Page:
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The Battle of Maida on 4 July 1806 was a battle between the British expeditionary force and a First French Empire division outside the town of Maida in Calabria, Italy during the Napoleonic Wars. John Stuart led 5,200 British troops to victory over about 5,400 French soldiers under Jean Reynier, inflicting significant losses while incurring relatively few casualties. Maida is located in the toe of Italy, about 30 kilometres (19 mi) west of Catanzaro.
In early 1806, the French invaded and overran the Kingdom of Naples, forcing King Ferdinand I of the Two Sicilies and his government to flee to Sicily. The Calabrians revolted against their new conquerors and Stuart's expeditionary force tried to exploit the unrest by raiding the coast. While ashore, the British encountered Reynier's division and the two sides engaged in battle. The 19th-century historians presented the action as a typical fight between French columns and British lines. This view of the battle has been called into doubt by at least one modern historian who argued that the French deployed into lines. Nobody questions the result which was a one-sided British tactical victory.
After the battle, Stuart captured some isolated garrisons in Calabria and was transported back to Sicily by the Royal Navy. Two weeks after the battle, the city of Gaeta fell to the French after a long siege. While Stuart succeeded in preventing a French invasion of Sicily and sustained the revolt in Calabria, he missed an opportunity to assist the defenders of Gaeta.
Following the decision by King Ferdinand to side with the Third Coalition against Napoleon I of France, French forces had invaded the Kingdom of Naples in the spring of 1806, after the British and Russian forces supposedly defending the kingdom evacuated Italy altogether: the British to Sicily and the Russians to Corfu. The Neapolitan-Sicilian army was crushed at the Battle of Campo Tenese, forcing Ferdinand to flee to Sicily and concede the Neapolitan crown to the French. Napoleon then installed his brother Joseph Bonaparte on the Neapolitan throne.
By July 1806, the French had crushed all Neapolitan resistance except for the uprising in Calabria and a garrison at Gaeta. There, André Masséna's force become embroiled in a lengthy siege. The British, rather than supporting the defenders or relieving the siege, decided to organise an expedition into Calabria to further the insurrection against the French, and prevent any potential invasion of Sicily.
A British force of over 5,000 men commanded by Major-General John Stuart sailed from Messina on 27 June, landing in the Gulf of Sant'Eufemia three days later. At the same time a French force under the command of General Jean Reynier, the only French force in Calabria, moved to confront them. The exact size of the French force is unknown. Contemporary French sources range between 5050 and 5450. Some later historians have suggested a force as large as 6400 but the most recent estimates are closer to 5400.
On the morning of 4 July, Reynier broke camp and advanced toward level terrain along the shallow Lomato River. Believing his army superior in numbers, Stuart marched toward the same location nearly parallel to the French column. As both forces deployed from march column, they ended up in echelon formation. On the French side, the left flank was leading, while on the British side the right flank was leading. On the French left, General of Brigade Louis Fursy Henri Compère was echeloned forward, with the 1st Light Infantry Regiment on the left and the 42nd Line Infantry Regiment to its right. The center, commanded by General of Brigade Luigi Gaspare Peyri, included two battalions of Poles and the 4th battalion of the 1st Swiss Regiment. On the right flank, General of Brigade Antoine Digonet trailed the other two formations. Digonet's command comprised the 23rd Light Infantry and 9th Chasseurs à Cheval Regiments and the field guns. Opposing the French was Colonel James Kempt's Advanced Guard on the British right flank, echeloned forward. To Kempt's left rear was Colonel Wroth Palmer Acland's 2nd Brigade. Well to Acland's left rear marched Colonel John Oswald's 3rd Brigade, which formed the center. Colonel Lowry Cole's 1st Brigade deployed on the left flank with the artillery. Cole was closer to the French than Oswald. Off conducting diversionary actions was the 20th Foot, which would be late.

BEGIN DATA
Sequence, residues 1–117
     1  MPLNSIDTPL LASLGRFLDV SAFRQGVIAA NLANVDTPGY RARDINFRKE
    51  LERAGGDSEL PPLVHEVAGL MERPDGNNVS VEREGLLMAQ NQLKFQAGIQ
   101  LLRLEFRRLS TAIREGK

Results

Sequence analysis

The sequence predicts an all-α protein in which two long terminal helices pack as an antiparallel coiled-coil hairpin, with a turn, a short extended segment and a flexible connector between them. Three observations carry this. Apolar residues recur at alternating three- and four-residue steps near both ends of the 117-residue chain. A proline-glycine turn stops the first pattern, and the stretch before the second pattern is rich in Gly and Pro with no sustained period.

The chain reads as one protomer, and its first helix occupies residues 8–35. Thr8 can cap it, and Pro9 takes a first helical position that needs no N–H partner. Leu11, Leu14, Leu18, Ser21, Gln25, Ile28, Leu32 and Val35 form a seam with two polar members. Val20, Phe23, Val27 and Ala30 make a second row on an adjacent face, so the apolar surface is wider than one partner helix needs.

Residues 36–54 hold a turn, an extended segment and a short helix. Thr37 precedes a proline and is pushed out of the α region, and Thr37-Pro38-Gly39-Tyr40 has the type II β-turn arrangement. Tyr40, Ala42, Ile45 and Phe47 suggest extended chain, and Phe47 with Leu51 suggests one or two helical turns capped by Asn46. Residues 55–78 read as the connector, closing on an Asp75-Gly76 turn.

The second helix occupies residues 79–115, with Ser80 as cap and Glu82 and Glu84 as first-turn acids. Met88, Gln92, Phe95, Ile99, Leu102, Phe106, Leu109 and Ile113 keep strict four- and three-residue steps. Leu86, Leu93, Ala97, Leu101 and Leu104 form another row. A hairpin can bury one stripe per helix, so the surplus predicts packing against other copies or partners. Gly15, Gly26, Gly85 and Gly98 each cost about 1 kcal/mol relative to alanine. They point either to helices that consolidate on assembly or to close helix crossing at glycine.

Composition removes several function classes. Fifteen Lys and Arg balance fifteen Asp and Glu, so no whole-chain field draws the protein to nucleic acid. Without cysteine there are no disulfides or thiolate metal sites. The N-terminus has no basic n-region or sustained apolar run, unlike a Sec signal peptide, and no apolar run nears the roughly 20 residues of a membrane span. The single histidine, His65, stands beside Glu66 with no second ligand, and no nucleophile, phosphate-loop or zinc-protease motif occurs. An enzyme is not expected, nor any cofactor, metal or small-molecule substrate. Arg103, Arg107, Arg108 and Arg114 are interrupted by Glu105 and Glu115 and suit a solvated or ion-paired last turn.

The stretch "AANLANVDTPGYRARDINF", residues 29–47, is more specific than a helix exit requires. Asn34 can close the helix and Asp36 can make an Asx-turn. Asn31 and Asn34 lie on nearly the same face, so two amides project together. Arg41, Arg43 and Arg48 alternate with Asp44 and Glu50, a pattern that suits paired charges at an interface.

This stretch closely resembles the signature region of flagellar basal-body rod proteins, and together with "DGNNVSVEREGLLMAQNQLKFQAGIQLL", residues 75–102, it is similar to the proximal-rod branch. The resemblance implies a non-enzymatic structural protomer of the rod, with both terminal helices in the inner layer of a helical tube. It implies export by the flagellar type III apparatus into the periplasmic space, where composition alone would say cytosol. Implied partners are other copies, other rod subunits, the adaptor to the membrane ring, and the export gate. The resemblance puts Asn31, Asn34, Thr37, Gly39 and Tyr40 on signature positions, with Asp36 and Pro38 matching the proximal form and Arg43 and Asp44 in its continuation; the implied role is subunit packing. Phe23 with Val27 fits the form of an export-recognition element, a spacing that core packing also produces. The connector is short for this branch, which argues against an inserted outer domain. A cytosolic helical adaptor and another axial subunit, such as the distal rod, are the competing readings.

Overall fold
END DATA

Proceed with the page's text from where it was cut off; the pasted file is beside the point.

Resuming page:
Only when the armies were nearly in contact did Stuart realize that he was outnumbered, but he allowed the battle to commence without changing any orders. Kempt detached the Royal Corsican Rangers and Sicilians as skirmishers. These got into a brawl with Compère's voltigeurs (light companies) and fell back. Kempt sent the flankers of the 35th Foot and the light company of the 20th Foot to help. Once the British troops halted the French skirmishers, they rejoined Kempt. At this time, Compère launched the 1st Light at Kempt, while the 42nd Line aimed to strike Acland. Since it had a head start, 1st Light's attack columns met Kempt's troops first. At 150 yards, the Advanced Guard fired its first volley but the 1st Light continued to advance. Kempt's second volley was fired at a range of 80 yards, wounding Compère, who nevertheless urged his men on. Though disordered by their losses, the French closed to 20 yards, where they absorbed a third volley. This fire completely broke up the 1st Light and its soldiers turned and fled. Compère, who literally rode into the British line, and others were captured in the brief melée that followed.